"He will." Lupin fetched a ceramic bowl full of Floo powder, but he held onto it, just out of Snape's reach.

"Well?" Snape snapped, after a moment.

"If Dumbledore presses you..." Lupin looked down into the bowl. "If you feel you need to make him some other concession--"

"Lupin, if you want me to resume Potter's training, talk to Potter. I will have an apology from him, and I will have his respect, before I--"

"Not that." Lupin swirled the bowl in his hands like a Pensieve. "I was going to point out that Dumbledore would probably be very pleased if you took it upon yourself to check on... the security of this arrangement... after moonset."

Even if it meant one morning a month of healing Lupin's lacerations, that morning was still a good trade for a week's difficult brewing. And so long as the werewolf was checked, and Snape was showing due penitence for his disobedience over Potter's lessons, Albus would be satisfied.

"Very well," said Snape. "Let me see the cellar door now, and I won't darken your Floo again until the full moon has come and gone."

Albus gave his reluctant consent, if only because Lupin's disobedience would make him lose face. "But if you believe Lupin to be a danger to himself, Severus, I will expect you to tell me."

But the morning after the full, Lupin's wounds were not so bad as they had been in September, though his cellar door had taken even more damage, scored and battered almost clean through.

Snape opened the door carefully, so as not to rip it from its bent hinges. Lupin lay naked on the damp cellar floor, breathing just too heavily to be asleep, but he offered no resistance when Snape levitated him up the stairs and onto the bed. There were a few shallow cuts along his side, and the marks of teeth in his shoulder, but no other damage save to his hands, which were scraped and bruised, his knuckles swollen. Two of his nails had cracked, and his skin was as studded with wooden splinters as a pomander with cloves.

Snape bandaged the other hurts first, and cleaned the blood from his skin. The hands took time. He drew out the splinters, the largest with tweezers, so he could take care not to leave barbs, and the rest with a charm-- bits of wood ripped out through Lupin's skin, leaving more tiny wounds behind them, leaving his hands red-spattered as though he were sweating blood from every pore. Snape wiped away the blood and ignored the bleeding until he had repaired the cracked nails and mended the deepest cuts. By the time he had rubbed Lupin's hands with salve and transfigured him a pair of cotton gloves from a roll of bandages, Lupin had fallen into a true sleep, and Snape had to shake him awake to give him a healing potion.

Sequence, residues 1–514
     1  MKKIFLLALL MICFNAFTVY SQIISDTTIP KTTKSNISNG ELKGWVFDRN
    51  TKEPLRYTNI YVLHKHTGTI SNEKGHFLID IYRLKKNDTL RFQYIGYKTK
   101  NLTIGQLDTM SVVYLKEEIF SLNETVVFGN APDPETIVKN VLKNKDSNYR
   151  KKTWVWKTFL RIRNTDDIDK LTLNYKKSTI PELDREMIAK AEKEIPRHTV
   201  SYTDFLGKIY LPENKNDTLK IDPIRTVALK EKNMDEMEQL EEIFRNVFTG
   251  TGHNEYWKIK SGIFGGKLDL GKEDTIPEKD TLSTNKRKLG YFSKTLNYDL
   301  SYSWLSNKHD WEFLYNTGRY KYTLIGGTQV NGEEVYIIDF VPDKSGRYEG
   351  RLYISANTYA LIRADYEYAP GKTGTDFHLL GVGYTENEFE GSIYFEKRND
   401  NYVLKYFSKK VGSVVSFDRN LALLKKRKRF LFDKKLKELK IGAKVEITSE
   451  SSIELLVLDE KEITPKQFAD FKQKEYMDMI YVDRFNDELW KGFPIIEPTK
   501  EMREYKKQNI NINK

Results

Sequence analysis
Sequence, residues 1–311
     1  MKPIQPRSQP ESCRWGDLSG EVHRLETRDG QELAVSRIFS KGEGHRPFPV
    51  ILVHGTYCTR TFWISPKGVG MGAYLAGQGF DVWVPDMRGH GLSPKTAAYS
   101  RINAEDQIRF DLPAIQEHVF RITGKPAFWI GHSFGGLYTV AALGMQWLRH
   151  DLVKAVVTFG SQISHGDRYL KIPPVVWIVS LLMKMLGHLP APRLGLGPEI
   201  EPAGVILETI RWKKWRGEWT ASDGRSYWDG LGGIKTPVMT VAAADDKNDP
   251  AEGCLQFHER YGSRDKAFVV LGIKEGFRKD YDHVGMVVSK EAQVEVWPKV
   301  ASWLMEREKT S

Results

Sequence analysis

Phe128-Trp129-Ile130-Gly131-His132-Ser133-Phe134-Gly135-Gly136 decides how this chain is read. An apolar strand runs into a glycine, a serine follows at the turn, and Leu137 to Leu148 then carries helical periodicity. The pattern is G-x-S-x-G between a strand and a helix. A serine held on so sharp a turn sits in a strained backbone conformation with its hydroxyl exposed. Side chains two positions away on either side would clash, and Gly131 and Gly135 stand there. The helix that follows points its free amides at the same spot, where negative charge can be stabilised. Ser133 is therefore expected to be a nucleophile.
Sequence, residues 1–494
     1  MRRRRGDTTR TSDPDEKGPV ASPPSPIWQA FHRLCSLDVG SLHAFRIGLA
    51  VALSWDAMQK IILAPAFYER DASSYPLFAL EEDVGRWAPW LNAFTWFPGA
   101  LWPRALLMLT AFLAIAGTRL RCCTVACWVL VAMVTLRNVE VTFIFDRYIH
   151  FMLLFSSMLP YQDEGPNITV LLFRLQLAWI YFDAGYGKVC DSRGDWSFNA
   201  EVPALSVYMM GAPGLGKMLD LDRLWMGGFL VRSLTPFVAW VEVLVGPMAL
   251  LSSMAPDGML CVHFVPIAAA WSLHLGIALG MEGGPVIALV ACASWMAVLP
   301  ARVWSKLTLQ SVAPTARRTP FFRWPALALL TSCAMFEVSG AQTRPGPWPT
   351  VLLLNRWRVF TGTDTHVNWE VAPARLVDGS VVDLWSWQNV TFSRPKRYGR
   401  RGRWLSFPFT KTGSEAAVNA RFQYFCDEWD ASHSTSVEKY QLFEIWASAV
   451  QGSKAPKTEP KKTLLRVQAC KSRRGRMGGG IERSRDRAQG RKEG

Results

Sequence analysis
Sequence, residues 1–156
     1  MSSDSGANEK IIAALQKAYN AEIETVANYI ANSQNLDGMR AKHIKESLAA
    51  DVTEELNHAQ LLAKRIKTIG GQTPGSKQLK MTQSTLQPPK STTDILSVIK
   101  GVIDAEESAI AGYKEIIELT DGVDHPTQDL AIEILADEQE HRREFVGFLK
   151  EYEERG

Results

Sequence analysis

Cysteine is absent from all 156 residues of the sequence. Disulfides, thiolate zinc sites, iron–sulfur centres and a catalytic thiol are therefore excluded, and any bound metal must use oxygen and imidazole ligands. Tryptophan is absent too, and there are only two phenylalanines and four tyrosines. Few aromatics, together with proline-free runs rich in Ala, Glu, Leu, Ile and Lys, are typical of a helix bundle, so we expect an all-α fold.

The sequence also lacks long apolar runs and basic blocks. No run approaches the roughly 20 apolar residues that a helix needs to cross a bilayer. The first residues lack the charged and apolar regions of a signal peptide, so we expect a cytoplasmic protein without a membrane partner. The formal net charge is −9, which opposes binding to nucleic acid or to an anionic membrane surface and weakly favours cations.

"It's woundwort-and-willow extract." He held the glass for Lupin to drink. "One jigger, in water, thrice daily for three days. I'll leave the bottle."

Lupin nodded weakly, and tried to grasp the glass himself, only then noticing the gloves. "My hands?"

"I'll leave the salve, too. Rub it in well before you sleep, and wear the gloves to bed. They'll heal."

Lupin let him take the glass away and fell back against the pillows, asleep again. He was asleep still when Severus came back after classes to fix the cellar door, and plate the inside with thick-spelled steel cladding. But Snape felt Lupin's eyes on him while he worked. He did not turn around until he had finished; when he did, Lupin was sitting in his armchair, watching him.

"Severus. Thank you." Lupin's gaze was still direct and unreadable; he stared as though he knew his eyes had already seen their worst. Snape was the first to look away.

"I'd rather save myself the trouble of picking half the door out of your fingers next month, if it's all the same to you," Snape said, though he knew Lupin had been speaking of more than just the door. "Just be thankful I didn't use silver."

July 1995

It took them two days to clean all the dust and vermin and trip-wire curses from the kitchen, the second-floor bathroom, and Sirius's old bedroom. But by the evening of the second day, the house at 12 Grimmauld Place was almost livable, and Remus Flooed back to the cottage to pack a trunk with his clothes and essential books.

When he returned, the kitchen was empty, but Sirius's loud swearing and a grinding, scraping noise echoed out of the scullery door. Remus followed the sound through the damp scullery and down a set of sagging stairs into an ancient and dusty wine-cellar, its walls and ceiling lined in crumbling red brick.

A broom and metal dustpan scraped across the floor, kicking up more dust than they collected; Sirius jabbed at the air with Regulus's old wand, letting out a mixed stream of charms and curses. In the ancient concert t-shirt he'd found in his closet, left behind when he'd run away, with his dusty hair hiding his face and his wand arm windmilling more and more frantically, Sirius looked young; Remus stood silently, halfway down the staircase, and watched him drive the broom and dustpan clanking and screeching across the floor, letting himself imagine for a moment that when Sirius turned around, he would see the face he still thought of as Sirius's.

But at last, he couldn't help laughing, and that made it easier, when Sirius stopped and turned and looked up at him-- Sirius laughed too, helplessly, and his smile took over the lines of his face; if Remus had been a stranger, just meeting him in that moment, he could almost believe they were laugh lines.